On Golden Retriever Breed's 150th Anniversary, 361 Meet at Founder's Yard


Yes man’s best friend comes in many shapes and sizes, but perhaps no dog breed is more iconic than the lovable golden retriever.

From starring in movies like Old Yeller and Air Bud, to being “spokesdogs” in commercials for companies like Bush’s Baked Beans and Subaru, golden retrievers can be found all over, wagging their tails and melting our hearts.

Ranked the third most popular dog breed by the American Kennel Club, golden retrievers are certainly a great choice when looking to add a four-legged friend to your family.

But despite their widespread popularity in the United States, the golden retriever breed was actually created in Scotland — 150 years ago this year!

On July 20, over 360 golden retrievers gathered together at the ancestral home of their breed’s founder, Lord Tweedmouth.

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Lord Tweedmouth, whose actual name was Dudley Marjoribanks, lived in the Scottish Highlands in the 1800’s, near the village of Tomich, on Guisachan Estate, according to BBC News.

As a landowner with a whole lot of land and a penchant for going hunting, Lord Tweedmouth wanted a dog who would be able to swim long distances to retrieve waterfowl he had shot down.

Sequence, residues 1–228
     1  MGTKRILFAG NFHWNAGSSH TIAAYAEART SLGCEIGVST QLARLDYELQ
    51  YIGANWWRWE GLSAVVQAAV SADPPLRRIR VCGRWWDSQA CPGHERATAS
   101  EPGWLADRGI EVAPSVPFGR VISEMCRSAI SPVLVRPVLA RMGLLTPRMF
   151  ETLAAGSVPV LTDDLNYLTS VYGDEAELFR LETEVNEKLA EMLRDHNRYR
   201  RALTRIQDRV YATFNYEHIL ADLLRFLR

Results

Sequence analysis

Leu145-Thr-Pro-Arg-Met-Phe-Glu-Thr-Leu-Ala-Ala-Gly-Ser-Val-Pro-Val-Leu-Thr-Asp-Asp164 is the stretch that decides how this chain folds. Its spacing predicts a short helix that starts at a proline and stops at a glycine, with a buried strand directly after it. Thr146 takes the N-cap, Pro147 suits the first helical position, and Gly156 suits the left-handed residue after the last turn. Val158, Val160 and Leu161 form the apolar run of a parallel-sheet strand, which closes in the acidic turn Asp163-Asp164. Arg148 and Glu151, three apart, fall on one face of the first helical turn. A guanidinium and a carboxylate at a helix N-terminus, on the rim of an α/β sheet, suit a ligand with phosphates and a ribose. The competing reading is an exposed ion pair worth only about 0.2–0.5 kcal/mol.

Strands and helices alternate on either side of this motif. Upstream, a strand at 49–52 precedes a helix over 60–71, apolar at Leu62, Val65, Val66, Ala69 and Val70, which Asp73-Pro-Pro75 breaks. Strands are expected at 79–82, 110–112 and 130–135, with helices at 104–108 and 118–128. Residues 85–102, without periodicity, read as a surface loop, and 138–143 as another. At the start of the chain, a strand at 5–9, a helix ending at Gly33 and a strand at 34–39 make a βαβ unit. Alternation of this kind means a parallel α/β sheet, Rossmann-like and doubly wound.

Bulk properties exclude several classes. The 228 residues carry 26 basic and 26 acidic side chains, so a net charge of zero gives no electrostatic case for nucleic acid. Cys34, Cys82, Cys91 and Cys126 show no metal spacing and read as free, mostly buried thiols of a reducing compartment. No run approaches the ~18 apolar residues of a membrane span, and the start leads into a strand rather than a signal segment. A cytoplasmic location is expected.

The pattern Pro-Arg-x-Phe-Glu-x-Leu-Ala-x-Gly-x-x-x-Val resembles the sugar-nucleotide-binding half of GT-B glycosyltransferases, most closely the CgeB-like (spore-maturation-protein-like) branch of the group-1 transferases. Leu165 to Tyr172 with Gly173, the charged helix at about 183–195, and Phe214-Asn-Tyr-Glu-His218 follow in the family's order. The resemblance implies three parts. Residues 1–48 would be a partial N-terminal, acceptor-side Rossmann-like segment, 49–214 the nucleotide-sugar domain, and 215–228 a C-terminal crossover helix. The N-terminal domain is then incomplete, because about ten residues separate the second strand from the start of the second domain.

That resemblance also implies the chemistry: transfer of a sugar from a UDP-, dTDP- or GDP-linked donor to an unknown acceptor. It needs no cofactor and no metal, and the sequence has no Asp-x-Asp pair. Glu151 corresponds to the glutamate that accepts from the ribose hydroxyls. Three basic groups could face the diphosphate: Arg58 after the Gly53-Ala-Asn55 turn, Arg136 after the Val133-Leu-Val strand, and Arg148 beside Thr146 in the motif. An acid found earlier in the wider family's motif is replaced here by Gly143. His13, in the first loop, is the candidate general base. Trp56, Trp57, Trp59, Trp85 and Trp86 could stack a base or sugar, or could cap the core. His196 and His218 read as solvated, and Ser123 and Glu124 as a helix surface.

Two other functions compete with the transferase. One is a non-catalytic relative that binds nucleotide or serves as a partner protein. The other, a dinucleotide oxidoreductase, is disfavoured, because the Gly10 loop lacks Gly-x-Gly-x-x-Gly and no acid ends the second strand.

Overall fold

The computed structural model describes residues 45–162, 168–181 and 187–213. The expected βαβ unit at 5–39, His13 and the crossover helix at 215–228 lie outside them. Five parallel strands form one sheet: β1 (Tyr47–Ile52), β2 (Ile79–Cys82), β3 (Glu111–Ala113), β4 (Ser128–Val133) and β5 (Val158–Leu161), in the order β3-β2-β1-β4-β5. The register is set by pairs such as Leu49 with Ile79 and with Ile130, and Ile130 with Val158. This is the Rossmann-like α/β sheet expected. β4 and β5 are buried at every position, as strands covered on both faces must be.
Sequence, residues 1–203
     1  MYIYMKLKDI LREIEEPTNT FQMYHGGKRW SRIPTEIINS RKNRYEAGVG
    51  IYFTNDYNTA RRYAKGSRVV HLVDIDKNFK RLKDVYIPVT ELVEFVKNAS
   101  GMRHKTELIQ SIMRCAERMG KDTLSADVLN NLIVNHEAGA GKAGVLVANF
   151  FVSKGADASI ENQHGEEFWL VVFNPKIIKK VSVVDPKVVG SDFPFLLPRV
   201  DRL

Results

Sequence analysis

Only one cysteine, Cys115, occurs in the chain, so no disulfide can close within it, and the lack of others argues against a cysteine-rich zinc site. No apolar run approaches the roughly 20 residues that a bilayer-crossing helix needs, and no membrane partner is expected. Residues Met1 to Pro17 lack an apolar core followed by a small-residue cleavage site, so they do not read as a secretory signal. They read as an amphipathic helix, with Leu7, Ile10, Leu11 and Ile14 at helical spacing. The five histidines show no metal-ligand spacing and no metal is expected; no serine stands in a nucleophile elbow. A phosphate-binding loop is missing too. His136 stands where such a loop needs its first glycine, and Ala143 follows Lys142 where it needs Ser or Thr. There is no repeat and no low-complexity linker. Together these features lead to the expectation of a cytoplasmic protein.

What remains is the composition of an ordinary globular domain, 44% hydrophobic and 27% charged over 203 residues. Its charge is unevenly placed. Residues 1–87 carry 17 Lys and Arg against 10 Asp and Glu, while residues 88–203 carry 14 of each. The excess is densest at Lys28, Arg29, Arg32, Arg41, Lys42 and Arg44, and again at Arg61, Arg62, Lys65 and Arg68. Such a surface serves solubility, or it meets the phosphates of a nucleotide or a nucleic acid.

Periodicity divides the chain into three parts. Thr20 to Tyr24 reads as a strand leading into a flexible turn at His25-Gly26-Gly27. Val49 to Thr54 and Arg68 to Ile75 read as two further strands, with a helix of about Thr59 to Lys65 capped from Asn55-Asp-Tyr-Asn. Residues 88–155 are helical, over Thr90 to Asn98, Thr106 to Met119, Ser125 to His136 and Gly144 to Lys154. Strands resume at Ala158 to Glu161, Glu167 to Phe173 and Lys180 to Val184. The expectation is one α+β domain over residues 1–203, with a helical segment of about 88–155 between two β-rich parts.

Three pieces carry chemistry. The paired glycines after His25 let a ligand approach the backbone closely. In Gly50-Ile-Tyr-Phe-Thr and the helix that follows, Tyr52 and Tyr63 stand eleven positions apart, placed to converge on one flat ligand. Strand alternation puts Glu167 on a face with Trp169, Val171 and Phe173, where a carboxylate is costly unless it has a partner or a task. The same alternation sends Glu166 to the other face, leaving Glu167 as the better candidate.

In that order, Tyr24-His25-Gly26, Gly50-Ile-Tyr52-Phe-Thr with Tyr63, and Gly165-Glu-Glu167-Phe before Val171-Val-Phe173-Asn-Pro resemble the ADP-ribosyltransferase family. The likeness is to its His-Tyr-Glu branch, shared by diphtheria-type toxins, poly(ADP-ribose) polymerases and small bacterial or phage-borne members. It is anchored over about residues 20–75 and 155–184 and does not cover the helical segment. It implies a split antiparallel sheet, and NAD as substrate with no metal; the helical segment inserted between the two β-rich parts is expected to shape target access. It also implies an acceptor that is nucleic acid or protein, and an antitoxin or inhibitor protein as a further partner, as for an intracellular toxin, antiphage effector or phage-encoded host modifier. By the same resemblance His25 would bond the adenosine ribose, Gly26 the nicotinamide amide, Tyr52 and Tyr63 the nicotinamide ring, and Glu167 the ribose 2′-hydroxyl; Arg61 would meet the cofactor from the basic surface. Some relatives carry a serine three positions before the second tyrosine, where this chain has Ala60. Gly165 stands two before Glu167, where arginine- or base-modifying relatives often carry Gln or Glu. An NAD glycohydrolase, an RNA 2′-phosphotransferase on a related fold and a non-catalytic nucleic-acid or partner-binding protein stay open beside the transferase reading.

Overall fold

To create such a dog, Lord Tweedmouth bred his wavy-coated retriever named “Nous” with his Tweed-coated spaniel named “Belle” in 1868, and thus the breed of the golden retriever was born.

According to The Daily Mirror, Lord Tweedmouth “went on to breed the Irish setter, St John’s water dogs and two wavy black-coated retrievers.”

This week’s gathering of golden retrievers was put together by the Golden Retriever Club of Scotland.

As Doreen McGugan told TODAY: “It’s such a popular breed. And it was the 150th anniversary, which is very special.” McGugan is the chair of the Golden Retriever Club of Scotland.

The festivities drew quite the crowd — 361 retrievers, their owners, the media, and pet lovers from around the globe — and featured a breed championship show on the final day.

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According to McGugan, there were “a lot of pet owners who came just to join the fun. People didn’t realize that it all went back to this and that there is a place to go to commemorate (their golden retrievers).”

Guisachan Estate is also home to a commemorative bronze statue of the famous breed, made possible by the group Friends of Guisachan and erected in August 2014.

Despite the amount of both pets and people, McGugan said all the golden retrievers in attendance were extremely well-behaved: “Not one bark in these dogs. It was quite exciting.”

She concluded: “I’m so grateful to everyone who came. I hope they enjoyed themselves.”

It looks like man’s best friend made a great many new friends at the fun-filled celebration!

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